Overview of Leviticus

In this episode, Senior Pastor Ken Harrell takes us through the book of Leviticus.

Subscribe to this podcast on:

Apple Podcasts Spotify Google Podcasts



The Full Transcript

Corby LaCroix:
Welcome once again, everybody. It’s The Bible for Life Podcast, where in today’s episode, Senior Pastor Ken Harrell is going to take us through the Book of Leviticus. We hope you find this episode to be both enlightening and encouraging as we seek to lead and equip you in a growing relationship with Jesus. Thanks for joining us today. Here’s Pastor Ken Harrell.

Ken Harrell:
As I get started going through the Book of Leviticus, I want to make a couple of statements at the beginning. First of all, I want you to hang with me through this one. Okay? Don’t anticipate understanding or grasping everything in its entirety as I’m going through it. But I promise you that I’ll give you an outline for this book that you can go back over that will help you to understand why the Book of Leviticus is in the Bible. Let me make these statements. And the reason I’m doing this is because I believe it’ll give you some insight into studying the Bible.

Inerrancy makes no claim to easy reading. You see God never promised that everything in the Bible from cover to cover would be interesting for everyone who would read it. In fact, some of it’s hard reading and we are in a book like that in the Book of Leviticus. You see, it wasn’t designed to be interesting to us because it wasn’t written to us. That is in its basic interpretation. Let me give you three basic things that will help in times like this, like as we go through the Book of Leviticus and these are very important. Here’s the first one.

Number one, its primary purpose was never intended for us. You see, when God recorded and preserved the Book of Leviticus, he didn’t have Americans in mind, living in the 21st century, worshiping in permanent buildings, with driving cars. Most of us are living on farms, raising sheep. In fact, it wasn’t even written to Protestants. Leviticus, God wrote it to the Jews, Jews who worshiped in a portable house of worship, who couldn’t come to God apart from a lamb or a goat or a bird or some animal offering. You see, back then, that was the only way to God, through the blood. And you wanted to know how to do it. So God gave a book to tell them how to do it, but now for you and me, hey, Jesus has come. We don’t need an animal sacrifice because Jesus wants for all offered up on behalf of our sins for all time. So when Jesus came, Leviticus lost its punch. It was designed that way.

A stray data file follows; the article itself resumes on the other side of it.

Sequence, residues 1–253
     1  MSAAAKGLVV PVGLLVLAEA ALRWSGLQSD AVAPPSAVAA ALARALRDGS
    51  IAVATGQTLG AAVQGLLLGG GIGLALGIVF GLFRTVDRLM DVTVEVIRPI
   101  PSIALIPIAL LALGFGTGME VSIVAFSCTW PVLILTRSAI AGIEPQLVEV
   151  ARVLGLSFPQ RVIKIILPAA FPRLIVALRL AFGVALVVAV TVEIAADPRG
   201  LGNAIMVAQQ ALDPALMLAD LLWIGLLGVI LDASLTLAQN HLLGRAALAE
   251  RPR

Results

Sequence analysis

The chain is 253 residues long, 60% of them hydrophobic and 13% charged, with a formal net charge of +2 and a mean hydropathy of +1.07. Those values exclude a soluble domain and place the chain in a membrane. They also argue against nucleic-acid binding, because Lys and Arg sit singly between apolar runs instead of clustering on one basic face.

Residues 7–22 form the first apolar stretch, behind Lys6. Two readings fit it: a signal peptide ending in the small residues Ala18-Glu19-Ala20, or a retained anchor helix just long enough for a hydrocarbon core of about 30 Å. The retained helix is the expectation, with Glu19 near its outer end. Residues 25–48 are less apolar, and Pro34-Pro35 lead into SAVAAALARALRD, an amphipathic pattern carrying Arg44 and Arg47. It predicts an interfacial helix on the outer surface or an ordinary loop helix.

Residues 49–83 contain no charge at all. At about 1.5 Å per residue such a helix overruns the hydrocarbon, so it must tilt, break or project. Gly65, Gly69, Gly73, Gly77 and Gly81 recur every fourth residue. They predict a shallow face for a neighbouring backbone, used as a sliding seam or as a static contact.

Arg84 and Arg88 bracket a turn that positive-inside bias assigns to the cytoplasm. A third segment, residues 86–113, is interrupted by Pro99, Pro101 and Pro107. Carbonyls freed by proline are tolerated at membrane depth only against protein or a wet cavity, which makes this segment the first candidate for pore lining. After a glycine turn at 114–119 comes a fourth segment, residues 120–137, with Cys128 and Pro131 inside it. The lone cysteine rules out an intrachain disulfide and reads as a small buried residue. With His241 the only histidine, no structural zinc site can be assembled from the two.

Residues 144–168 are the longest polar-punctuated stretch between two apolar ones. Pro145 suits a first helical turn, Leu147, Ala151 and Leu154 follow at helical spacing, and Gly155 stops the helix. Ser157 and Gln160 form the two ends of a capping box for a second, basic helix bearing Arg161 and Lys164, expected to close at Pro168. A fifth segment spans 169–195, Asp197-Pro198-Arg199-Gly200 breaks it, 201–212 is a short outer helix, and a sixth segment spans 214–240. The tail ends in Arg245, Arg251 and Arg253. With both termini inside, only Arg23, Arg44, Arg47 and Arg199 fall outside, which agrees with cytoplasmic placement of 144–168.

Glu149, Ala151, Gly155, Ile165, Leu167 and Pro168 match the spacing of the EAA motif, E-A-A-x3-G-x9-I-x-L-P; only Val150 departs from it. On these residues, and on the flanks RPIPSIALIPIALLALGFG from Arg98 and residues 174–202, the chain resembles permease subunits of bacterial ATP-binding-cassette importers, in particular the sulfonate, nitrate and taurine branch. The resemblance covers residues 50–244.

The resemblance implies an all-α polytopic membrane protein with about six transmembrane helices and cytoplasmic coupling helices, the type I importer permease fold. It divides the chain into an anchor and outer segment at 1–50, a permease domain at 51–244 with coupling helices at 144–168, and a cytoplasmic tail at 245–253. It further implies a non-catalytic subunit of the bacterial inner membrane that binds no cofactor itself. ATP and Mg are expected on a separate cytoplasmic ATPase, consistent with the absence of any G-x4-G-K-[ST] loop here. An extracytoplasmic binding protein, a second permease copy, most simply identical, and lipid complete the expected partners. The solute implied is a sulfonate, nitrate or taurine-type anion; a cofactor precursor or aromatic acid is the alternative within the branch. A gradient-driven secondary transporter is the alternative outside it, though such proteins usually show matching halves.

Second thing I want you to remember is that it’s significance was designed to become obsolete. In other words, God designed Leviticus to go out of date. When Jesus on the Cross said, “It is finished,” that meant a whole Levitical system, the need for a priest and a mediator and the whole Old Testament ritual was set aside. And now, today, we have the priesthood of the believer that we can come through Jesus directly to God. Just like I remember as a kid, Dad would have these albums, 33 and a third RPM, I think it was, or 78. And then there was a 45 where you could get a single on. Then the eight track and then the cassette tape and then the CD and albums and cases. All of that is obsolete. Now you can download and play from a playlist of your favorite individual songs without ever leaving where you’re sitting. So those two things are very important to understand, that in Leviticus its primary purpose was never intended for us. And its significance was designed to become obsolete.

But now listen carefully because I want to clarify there’s one more point and that is this, not in its application. None of God’s Word is obsolete in its application. The basic interpretation for today is that the believer in the Body of Christ, we don’t need the Book of Leviticus to find access to God as the Israelites needed centuries ago. Now, as far as the name Leviticus, it simply means pertaining to the Levites. The Levites were the priest or the mediator. In fact, every time when you go through the Old Testament, when you read the word priest, if you’ll substitute the word mediator, you’ll have a down pat, because in those days, in order to approach Jehovah, God, you had to have a go-between. And that was a priest from the tribe of Levi. He was a Levite. And Leviticus gave information for those mediators who were going to represent the people to God, how to do certain things, what to do, when to do it, why to do it. And even the consequences if they didn’t do it.

Now, it was written for three months. It took them three months to get from Egypt to Mount Sinai. And when they get to the base of Mount Sinai, they’re there for a full year and while they were there, God gave them two things. Now listen carefully. He gave them his word, that’s the law of Moses. And he gave him a blueprint for a place of worship. And that’s the Tabernacle, both from the hand of God, through Moses to the Jews. I mean, when Moses came down with the 10 Commandments from Mount Sinai, his face was just shining with the Shekinah Glory of God, that glorious light of God. And it had to be veiled, his face, so people could look on him. You see, Moses had been in the very presence of God and God was saying, “This is the word, walk in it.” This is the blueprint for the house that you’re to build. Worship in it.